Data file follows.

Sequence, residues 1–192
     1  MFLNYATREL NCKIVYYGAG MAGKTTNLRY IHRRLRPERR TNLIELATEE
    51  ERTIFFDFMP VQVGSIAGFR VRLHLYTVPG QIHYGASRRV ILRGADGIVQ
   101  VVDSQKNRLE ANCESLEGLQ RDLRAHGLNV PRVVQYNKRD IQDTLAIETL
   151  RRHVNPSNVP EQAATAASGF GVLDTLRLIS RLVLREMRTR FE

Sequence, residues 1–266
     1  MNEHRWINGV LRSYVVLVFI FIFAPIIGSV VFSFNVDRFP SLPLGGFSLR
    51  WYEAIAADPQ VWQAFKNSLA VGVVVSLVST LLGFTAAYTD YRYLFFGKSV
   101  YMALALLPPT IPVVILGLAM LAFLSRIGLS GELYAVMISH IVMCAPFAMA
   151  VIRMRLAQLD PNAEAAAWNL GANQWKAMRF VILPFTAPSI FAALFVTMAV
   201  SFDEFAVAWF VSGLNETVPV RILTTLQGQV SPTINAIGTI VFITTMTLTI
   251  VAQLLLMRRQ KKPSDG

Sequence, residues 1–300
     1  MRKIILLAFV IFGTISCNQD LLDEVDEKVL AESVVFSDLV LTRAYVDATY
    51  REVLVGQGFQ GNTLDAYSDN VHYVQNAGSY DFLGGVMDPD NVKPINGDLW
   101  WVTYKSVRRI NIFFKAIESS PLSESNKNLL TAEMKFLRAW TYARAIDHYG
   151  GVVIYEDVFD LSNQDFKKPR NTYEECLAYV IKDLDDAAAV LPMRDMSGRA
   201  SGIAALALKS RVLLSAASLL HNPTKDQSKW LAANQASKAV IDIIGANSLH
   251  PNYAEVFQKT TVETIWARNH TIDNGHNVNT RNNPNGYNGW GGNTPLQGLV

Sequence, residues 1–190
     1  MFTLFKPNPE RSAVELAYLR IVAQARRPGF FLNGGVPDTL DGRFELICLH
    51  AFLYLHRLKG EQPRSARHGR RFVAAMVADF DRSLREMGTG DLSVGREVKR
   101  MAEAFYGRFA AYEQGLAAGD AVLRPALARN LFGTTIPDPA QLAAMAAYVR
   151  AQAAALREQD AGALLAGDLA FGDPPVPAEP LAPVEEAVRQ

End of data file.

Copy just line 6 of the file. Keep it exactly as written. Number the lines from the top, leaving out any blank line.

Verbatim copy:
Sequence, residues 1–266